By Abby Walsh
Sitting on a bus, watching the sun rise over Manhattan, I got distracted by the graceful, meticulous movements of the steering wheel, and shifted my focus to the bus driver. Dark, lean frame, he only moved as much as he needed, just as there was no excesses in his figure, in his expression, in his words. Every 5 dollar bill he folded perfectly, matching corner to corner, tucked into its one special place on the vast dashboard. He was master of that little tiny universe. People got on and got off, his spine stayed straight, his execution unbroken, he was the same. A rock. A perfect human machine. Practically invisible.
While walking my dog before work last week, a shockingly beautiful toddler stumbled over to interact with her, and the two regarded each other tensely for a second. Her mother watched from nearby, a mother that was so young and pretty it rooted my feet to that place, and when she started to talk, bursting pride of her smart, strong little girl, I felt compelled to witness her strength and clarity of vision for what she had created. From the hood, with her ghetto accent, she explained to me her search for the kind of day care that would feed her little girl’s mind, her efforts to provide as much information about colors and letters and numbers, to give that little girl the building blocks to have a mind as strong as she was pretty. I didn’t ask if there was a boyfriend, or a parent helping her, but I listened, just in case there wasn’t anyone to tell her that she was doing so good. That what she was providing was powerful. That for how lonely being a parent must feel sometimes, her priorities were directed so fiercely and positively for this little girl’s future, all chubby cheeks, exploding curls, long eyelashes, chatting in gibberish to my dog beside me, and up at me with complete, unbroken trust. Because of her serious respect for the task of motherhood, in the face of economic and personal limitations, this little girl was going to be ok.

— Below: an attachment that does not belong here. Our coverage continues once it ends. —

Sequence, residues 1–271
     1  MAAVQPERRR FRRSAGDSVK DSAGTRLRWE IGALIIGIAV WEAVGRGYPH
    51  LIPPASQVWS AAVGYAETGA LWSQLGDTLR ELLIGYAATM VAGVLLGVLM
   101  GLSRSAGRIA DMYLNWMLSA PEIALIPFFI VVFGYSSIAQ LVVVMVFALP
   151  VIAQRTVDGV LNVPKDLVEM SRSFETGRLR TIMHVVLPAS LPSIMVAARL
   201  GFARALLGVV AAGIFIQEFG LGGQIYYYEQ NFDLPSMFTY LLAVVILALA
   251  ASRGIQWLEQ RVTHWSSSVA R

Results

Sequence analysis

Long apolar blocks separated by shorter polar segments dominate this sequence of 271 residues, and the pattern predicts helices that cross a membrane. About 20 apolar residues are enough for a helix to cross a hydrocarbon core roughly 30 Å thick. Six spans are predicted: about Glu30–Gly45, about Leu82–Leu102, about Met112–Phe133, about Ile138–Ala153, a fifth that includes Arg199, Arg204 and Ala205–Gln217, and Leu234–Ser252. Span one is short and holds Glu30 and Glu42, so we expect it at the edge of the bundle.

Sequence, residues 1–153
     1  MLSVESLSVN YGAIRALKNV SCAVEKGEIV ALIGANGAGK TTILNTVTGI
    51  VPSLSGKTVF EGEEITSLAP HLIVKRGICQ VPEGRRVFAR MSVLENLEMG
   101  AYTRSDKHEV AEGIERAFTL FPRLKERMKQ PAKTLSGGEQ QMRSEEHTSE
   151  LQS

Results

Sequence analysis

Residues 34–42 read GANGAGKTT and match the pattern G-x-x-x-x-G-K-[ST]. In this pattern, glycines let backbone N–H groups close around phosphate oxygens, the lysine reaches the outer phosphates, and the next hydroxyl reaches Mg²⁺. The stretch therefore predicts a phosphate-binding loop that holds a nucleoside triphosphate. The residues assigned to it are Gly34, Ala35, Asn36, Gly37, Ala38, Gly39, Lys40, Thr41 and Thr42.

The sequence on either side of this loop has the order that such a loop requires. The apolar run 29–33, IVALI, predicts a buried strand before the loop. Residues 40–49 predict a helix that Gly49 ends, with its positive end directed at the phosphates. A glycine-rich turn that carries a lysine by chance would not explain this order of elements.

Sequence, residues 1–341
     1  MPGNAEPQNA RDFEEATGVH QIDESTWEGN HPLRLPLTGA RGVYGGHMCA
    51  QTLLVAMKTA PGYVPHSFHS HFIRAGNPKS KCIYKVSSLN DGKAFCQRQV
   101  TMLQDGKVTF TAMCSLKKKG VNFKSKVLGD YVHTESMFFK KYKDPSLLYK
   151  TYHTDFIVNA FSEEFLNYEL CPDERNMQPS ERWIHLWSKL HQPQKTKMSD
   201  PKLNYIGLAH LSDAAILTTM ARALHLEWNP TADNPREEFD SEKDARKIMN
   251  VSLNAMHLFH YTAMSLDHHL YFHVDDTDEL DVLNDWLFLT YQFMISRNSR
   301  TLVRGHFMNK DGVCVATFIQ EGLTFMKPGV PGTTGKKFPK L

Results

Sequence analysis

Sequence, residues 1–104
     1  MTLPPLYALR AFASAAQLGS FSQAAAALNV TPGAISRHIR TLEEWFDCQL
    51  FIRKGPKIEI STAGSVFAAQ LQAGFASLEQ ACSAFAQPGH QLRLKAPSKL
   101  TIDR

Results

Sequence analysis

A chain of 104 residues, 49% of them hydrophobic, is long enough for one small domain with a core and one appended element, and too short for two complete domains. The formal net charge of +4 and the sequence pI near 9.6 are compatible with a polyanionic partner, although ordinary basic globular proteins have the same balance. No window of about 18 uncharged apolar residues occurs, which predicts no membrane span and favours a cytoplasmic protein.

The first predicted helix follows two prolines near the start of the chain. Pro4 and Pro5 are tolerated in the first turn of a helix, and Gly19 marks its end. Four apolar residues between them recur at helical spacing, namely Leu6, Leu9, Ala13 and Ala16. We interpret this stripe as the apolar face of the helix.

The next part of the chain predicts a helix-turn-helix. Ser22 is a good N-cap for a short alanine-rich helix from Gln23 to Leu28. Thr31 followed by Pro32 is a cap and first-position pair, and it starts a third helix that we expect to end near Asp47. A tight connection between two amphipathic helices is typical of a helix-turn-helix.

I was fabricating for a steel shop a few years ago, and we would go on regular runs to drop off our product to get coated with an industrial finish (powder coated). The factory was just over the bridge, almost exclusively manned by latin American women who managed to make it through the day in that non air conditioned and dirty space with full makeup and clean, brightly colored, feminine clothing, while I left black with the steel grease of the products I was handling. I watched all sorts of things roll past us to be coated – dvd player parts, xmas tree stands, household supplies, car parts… and these women would hang these various things up in a carousel shaped assembly line to rotate through a spraying machine, covering the handmade, raw material with a machine made finish, effectively erasing the history underneath each metal piece, masking the subtle differences in construction, the sputter of blown out gas from someone’s welder that caught a draft, the muttering of hurt or anger or fear or frustration from a person who was screamed at by their boss, who wasn’t given the raise they needed to support their family, the fight they just got in with one of their offensive co-workers, of laziness, of learning how to weld for the first time, of burning sweat rolling down into eyes… to the delicate tinkling sound of a real carousel. That sound still haunts me, an actual circus carousel song echoing through that massive, dirty factory, that we assume everything is made by a machine, that we consume blindly without any real awareness of where products come from, and that a human body may have constructed the things you have no respect for. I have been that steelworker that overheard someone write of something that I had fought for respect in a shop to be left alone from harassment to just do my job and valiantly create what he blew off as made by a fucking machine like I didn’t bleed and cry to make that thing.